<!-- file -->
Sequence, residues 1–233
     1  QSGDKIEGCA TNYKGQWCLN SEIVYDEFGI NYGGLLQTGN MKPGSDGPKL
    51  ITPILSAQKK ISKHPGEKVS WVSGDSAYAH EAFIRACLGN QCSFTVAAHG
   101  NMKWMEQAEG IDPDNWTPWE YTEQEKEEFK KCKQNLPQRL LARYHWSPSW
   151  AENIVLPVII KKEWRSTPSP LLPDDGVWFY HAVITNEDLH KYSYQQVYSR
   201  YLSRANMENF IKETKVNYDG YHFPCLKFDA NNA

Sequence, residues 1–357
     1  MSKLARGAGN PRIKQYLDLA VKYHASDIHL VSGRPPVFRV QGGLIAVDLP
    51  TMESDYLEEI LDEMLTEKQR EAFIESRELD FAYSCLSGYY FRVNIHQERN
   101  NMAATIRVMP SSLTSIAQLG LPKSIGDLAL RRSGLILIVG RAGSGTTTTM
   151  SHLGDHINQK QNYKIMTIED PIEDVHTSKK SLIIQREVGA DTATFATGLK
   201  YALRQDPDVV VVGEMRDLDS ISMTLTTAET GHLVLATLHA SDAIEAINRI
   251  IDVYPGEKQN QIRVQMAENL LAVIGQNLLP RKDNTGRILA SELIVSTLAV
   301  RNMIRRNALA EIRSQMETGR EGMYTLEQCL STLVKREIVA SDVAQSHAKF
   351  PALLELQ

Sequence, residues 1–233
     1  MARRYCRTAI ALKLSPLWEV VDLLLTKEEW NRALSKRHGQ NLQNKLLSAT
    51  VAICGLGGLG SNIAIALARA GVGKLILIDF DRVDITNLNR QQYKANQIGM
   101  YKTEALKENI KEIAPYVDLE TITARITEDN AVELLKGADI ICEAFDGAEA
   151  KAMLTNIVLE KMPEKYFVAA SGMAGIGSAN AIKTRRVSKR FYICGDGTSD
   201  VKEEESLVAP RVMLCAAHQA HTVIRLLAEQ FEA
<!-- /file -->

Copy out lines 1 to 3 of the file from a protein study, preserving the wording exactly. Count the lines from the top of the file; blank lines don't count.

Sequence, residues 1–233
     1  QSGDKIEGCA TNYKGQWCLN SEIVYDEFGI NYGGLLQTGN MKPGSDGPKL
    51  ITPILSAQKK ISKHPGEKVS WVSGDSAYAH EAFIRACLGN QCSFTVAAHG